TOKYO, Oct. 7 (UPI) -- Japan and North Korea met confidentially in China to discuss the issue of abducted Japanese nationals, according to a Japanese press report.
Government officials from Tokyo and Pyongyang met in the northeastern Chinese city of Dalian on Sept. 3-4 to negotiate the issue of Japanese nationals believed to be in North Korean captivity, the Asahi Shimbun reported Friday.
A Japanese source on Japan-North Korea affairs told the newspaper three Japanese diplomats of the foreign ministry's Asian and Oceanian affairs bureau were in attendance, but provided no information on the North Korean delegation.
More meetings initiated by the Japanese government may follow the dialogue that was held a few days before North Korea's Sept. 9 nuclear test, according to the report.
Japan has refused to believe North Korea's claims that it cannot locate the whereabouts of some of the abductees on Tokyo's list, and negotiations have veered off course after some progress was made until 2014, when Pyongyang reneged on its promise to provide a preliminary report on the abductees.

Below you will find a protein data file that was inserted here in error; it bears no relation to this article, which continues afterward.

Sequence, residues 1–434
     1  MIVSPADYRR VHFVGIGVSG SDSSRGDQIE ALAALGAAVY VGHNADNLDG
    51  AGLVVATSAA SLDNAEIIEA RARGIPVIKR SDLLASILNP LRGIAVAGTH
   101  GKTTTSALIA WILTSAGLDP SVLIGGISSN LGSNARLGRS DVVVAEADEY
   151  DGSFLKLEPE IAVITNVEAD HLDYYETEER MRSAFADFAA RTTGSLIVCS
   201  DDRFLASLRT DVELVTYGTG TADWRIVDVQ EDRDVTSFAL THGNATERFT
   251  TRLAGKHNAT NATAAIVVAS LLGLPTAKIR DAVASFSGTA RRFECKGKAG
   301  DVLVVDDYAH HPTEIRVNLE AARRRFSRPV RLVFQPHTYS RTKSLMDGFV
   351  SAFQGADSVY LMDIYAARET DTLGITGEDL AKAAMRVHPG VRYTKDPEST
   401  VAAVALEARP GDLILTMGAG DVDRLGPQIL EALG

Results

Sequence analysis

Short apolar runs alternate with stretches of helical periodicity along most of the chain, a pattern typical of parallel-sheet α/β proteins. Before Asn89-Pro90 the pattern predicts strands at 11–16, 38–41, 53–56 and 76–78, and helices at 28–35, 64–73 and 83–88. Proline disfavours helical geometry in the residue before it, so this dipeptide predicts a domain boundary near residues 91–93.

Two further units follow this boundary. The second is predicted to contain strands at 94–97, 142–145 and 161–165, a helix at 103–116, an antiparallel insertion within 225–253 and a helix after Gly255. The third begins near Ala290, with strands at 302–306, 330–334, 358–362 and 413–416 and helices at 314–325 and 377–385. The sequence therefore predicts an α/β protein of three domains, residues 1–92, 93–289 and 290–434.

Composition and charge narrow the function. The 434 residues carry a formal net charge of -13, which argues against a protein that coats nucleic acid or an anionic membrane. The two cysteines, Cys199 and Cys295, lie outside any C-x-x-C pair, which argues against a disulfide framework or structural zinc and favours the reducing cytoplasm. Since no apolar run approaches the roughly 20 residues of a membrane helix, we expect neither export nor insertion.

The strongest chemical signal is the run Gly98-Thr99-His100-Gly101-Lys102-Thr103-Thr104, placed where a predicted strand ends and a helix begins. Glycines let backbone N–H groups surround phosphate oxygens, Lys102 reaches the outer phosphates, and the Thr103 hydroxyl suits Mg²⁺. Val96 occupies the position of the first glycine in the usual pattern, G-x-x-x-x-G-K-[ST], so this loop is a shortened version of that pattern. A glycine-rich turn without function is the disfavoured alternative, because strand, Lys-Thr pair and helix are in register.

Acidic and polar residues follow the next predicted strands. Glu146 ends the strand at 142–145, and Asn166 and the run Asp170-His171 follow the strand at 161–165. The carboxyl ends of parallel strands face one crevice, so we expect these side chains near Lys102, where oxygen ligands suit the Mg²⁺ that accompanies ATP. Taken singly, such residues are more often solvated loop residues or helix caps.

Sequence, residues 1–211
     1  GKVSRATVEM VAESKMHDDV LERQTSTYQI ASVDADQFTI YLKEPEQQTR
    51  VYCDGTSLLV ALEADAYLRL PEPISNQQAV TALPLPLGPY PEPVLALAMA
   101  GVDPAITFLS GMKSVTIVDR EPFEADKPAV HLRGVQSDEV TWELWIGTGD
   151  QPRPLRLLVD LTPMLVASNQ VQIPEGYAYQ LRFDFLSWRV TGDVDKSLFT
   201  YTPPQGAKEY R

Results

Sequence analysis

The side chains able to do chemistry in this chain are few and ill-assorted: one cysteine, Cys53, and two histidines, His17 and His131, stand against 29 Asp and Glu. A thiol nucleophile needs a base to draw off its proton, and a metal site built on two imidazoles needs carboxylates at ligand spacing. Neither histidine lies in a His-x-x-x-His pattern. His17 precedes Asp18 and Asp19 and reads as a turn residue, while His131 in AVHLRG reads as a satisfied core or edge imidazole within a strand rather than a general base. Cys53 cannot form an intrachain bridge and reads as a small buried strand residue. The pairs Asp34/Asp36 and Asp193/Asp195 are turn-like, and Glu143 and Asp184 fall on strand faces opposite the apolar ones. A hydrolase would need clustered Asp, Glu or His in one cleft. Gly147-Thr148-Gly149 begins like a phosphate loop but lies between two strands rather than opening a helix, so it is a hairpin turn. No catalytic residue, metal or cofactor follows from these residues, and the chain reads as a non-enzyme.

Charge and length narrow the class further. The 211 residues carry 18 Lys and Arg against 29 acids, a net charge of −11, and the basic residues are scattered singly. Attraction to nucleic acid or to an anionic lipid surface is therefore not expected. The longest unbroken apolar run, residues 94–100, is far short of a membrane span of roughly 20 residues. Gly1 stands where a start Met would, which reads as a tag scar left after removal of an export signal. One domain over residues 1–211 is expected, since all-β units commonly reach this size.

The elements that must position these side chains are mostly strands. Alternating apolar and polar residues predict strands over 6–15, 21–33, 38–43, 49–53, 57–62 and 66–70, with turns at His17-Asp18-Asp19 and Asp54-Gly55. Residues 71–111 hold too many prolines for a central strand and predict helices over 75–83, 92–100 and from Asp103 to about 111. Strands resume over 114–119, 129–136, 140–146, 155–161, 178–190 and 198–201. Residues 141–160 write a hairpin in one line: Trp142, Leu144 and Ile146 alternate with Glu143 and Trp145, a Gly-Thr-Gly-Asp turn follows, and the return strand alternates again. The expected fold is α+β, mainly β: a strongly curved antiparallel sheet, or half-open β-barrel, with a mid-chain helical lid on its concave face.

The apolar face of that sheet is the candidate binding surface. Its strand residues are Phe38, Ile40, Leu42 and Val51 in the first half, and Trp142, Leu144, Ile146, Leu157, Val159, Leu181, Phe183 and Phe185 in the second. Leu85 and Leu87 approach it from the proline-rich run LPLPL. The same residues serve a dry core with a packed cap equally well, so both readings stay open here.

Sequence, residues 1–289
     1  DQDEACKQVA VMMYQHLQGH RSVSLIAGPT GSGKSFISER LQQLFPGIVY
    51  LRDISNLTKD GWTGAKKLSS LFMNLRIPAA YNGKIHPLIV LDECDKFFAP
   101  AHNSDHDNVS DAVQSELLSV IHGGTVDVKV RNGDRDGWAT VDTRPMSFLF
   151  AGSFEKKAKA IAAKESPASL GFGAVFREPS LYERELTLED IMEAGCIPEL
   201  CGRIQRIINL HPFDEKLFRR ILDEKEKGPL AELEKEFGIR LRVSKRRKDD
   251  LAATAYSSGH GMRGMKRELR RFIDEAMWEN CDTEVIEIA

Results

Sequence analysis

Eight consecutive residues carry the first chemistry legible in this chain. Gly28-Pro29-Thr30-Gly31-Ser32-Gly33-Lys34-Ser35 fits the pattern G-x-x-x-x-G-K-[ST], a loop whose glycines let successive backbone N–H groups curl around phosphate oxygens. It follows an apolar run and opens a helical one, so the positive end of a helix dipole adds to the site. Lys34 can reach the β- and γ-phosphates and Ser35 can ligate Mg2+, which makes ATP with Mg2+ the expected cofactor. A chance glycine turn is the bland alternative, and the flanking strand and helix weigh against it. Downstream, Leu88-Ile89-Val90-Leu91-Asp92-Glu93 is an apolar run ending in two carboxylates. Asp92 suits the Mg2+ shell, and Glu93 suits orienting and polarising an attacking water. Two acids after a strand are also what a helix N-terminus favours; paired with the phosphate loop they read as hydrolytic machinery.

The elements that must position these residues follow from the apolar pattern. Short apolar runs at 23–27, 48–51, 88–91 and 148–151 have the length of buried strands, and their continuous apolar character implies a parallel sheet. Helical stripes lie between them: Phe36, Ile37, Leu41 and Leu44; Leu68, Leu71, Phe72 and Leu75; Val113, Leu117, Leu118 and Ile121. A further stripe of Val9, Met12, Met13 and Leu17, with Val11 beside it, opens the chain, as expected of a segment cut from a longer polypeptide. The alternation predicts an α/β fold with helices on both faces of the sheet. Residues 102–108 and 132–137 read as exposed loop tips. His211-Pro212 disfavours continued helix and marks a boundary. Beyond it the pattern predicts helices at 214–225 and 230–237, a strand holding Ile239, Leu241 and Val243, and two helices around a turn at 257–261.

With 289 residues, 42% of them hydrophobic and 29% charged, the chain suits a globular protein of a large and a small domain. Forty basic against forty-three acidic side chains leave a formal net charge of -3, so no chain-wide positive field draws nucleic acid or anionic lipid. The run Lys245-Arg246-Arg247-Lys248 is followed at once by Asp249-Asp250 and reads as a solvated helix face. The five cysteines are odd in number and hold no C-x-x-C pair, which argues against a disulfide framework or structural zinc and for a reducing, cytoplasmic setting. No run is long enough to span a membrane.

Last December, Japanese media reported the two sides may have secretly met several times last November in China.
When the two sides met in Dalian in September, officials may have confirmed points of an agreement that was reached in Stockholm, Sweden, in May 2014.
Japan and North Korea had agreed Pyongyang would conduct comprehensive investigation on all Japanese citizens who were abducted and Japan would lighten some of its penalties targeting the Kim Jong Un regime, according to the foreign ministry.
In 2002, former North Korean leader Kim Jong Il had said of the 17 Japanese abductees officially recognized by Tokyo, five are alive in North Korea, eight have died and the remaining four were never taken to North Korea.
A dozen abductees are still officially recognized by Tokyo, but Pyongyang has said none are alive -- eight have died and four never entered the country.